Whichever side of the exchange you are on at any particular moment of life, there’s invaluable stuff to be gleaned from an older wiser woman. Most of our lives we’re lucky enough to be on both sides — older than some, younger than others. My encounter with the lady wearing the melon-colored-suit happened on the way to my lunch with a young mom twenty years younger than me.
Life is full of taking in, and giving out — sometimes without even realizing it.
By the time I had selected the correct watermelon, I turned to see my elderly advice-giver busy sorting through the abundant contents of her shopping cart. She had added a lovely thin wedge of pink watermelon to her stash, and I a bright half-cantaloupe to mine.
I like to imagine she enjoyed her sweet fruit reliving joyful summer memories of her husband; and I like to imagine I may have a more glowing wrinkle-free complexion in the days to come. I gained a lot more from that quick stop than my hand-basket could hold.
Welcome to Ungrind!
Do you want to be inspired, motivated, and equipped to live the everyday story of your life well?
If so, you’re in the right place. Whether you need encouragement in your relationships or in your faith, I hope you’ll find the transparent voices of mentors and friends here at Ungrind.
So, grab a cup of coffee and keep reading. We're so glad you're here!
Ashleigh Slater, Founder & Managing Editor
Get Our Free Ebook!
5 Ways to Live an Out-of-Control Life
Here are 5 ways to let go of control and trust your present and your future to God.
5 Creative Places to Find Prayer Accountability
Do you want to pray more, but are easily distracted? Here are some practical ways to stay focused.
How to Rescue a Day Gone Wrong in Your Marriage
Just because a day doesn't start well, doesn't mean you can't rescue it.
How To Change Your Life in 10 Minutes
Here's how you can change your life with a simple 10 minutes a day.
5 Ways to Teach Your Child to Hear God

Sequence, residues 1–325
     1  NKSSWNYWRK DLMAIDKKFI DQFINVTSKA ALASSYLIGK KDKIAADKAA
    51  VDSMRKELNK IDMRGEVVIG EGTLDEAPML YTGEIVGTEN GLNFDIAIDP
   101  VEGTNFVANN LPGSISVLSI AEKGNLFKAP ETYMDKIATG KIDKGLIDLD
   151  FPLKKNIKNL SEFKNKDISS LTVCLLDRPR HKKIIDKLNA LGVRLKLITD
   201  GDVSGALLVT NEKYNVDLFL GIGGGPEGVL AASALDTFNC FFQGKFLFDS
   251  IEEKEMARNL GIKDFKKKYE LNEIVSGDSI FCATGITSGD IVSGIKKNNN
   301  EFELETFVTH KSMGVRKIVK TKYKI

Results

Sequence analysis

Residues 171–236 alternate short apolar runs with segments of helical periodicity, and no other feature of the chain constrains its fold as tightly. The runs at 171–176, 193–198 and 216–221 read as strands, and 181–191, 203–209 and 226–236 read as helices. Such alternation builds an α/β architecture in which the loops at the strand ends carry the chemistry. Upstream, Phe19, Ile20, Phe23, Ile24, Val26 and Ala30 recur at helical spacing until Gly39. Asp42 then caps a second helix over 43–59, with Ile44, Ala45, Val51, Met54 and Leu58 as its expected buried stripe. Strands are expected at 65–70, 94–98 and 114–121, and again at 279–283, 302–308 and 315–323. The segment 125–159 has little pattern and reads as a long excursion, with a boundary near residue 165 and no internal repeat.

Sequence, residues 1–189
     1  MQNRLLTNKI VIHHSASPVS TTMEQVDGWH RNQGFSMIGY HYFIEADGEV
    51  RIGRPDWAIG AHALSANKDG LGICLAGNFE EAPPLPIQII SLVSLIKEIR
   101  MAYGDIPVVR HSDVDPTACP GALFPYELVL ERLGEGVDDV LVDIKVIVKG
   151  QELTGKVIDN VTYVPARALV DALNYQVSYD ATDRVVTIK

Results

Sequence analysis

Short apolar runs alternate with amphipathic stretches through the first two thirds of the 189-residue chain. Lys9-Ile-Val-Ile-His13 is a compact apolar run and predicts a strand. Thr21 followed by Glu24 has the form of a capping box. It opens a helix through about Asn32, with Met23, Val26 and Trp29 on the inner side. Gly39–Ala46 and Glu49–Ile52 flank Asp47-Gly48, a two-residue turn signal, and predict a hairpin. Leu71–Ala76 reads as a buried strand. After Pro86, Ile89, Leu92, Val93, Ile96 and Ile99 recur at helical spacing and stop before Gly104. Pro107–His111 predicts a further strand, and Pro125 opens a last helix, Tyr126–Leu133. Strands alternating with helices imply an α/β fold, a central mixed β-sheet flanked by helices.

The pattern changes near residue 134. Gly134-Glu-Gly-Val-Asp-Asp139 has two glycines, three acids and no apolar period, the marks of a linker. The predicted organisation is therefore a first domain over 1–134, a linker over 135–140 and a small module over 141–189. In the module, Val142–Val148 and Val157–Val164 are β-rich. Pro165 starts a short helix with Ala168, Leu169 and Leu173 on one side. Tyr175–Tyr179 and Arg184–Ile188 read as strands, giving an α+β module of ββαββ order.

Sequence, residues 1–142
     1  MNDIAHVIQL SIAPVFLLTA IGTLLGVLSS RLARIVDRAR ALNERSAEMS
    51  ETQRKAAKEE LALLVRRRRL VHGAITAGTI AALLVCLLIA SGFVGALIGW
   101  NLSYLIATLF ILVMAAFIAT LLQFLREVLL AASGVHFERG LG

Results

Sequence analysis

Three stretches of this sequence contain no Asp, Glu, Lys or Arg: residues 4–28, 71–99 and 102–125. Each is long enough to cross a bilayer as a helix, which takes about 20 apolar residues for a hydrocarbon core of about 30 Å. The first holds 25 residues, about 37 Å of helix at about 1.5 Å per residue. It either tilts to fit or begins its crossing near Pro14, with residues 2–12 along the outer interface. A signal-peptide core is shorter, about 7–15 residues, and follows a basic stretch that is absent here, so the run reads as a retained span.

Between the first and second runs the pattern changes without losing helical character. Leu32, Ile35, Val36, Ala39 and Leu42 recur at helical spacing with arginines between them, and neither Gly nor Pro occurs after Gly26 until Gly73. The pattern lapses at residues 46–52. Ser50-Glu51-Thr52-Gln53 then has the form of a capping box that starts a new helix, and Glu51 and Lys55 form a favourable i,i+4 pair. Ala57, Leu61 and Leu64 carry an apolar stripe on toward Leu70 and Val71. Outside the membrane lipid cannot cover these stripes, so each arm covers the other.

Here are practical ways to help your child lean into the voice of God.
5 Strategies for Developing Lasting Love
These practical and biblical strategies can help you develop lasting love.
How the Psalms Speak to Our Emotions
The Psalms is a book that's rich with the reality of what life's like in this fallen world. Here are...
What Women Are Saying
-- Renee Fisher, author of Forgiving Others, Forgiving Me
"Real life is not always pleasant. Every marriage experiences disappointments, misunderstandings, sickness and financial crisis. Ashleigh doesn’t camouflage the pain in her own marriage, and offers practical ideas on how to walk through the difficulties and find intimacy on the journey. If you are anything like me, I predict that as you read, you too will find yourself laughing, wiping tears, and saying 'Oh, yes.'"
-- Gary Chapman, #1 New York Times bestselling author of The 5 Love Languages
We are a member of the Amazon affiliate program and regularly use affiliate links. If you purchase an item from an Amazon link we provide, we will receive a small referral commission. This doesn’t cost you anything additional. We only share books, music, and products that our writers personally have used and highly recommend.
Faith4 years ago
When Doing Justly, Loving Mercy, and Walking Humbly Stand at Odds
Motherhood4 years ago
Surviving a Strong-Willed Child
Faith4 years ago
7 Ways to Create A Family Altar
Friendship5 years ago
Beyond the Registry: The Ultimate Gift Guide for Expectant Parents
Relationships4 weeks ago
5 Ways to Teach Your Child to Hear God
Marriage5 years ago
4 Reasons I’m Not Facebook Friends With My Husband
Everyday Faith4 years ago
6 Simple Ways to Give Thanks in the Thick of It
Articles5 years ago
10 Ways Life is Like a Box of Chocolates
Articles7 years ago
How to Lift Up the One You Love
Articles5 years ago
Relationships6 months ago
Facing Our Motherhood Fears
Articles8 years ago
June Cleaver Syndrome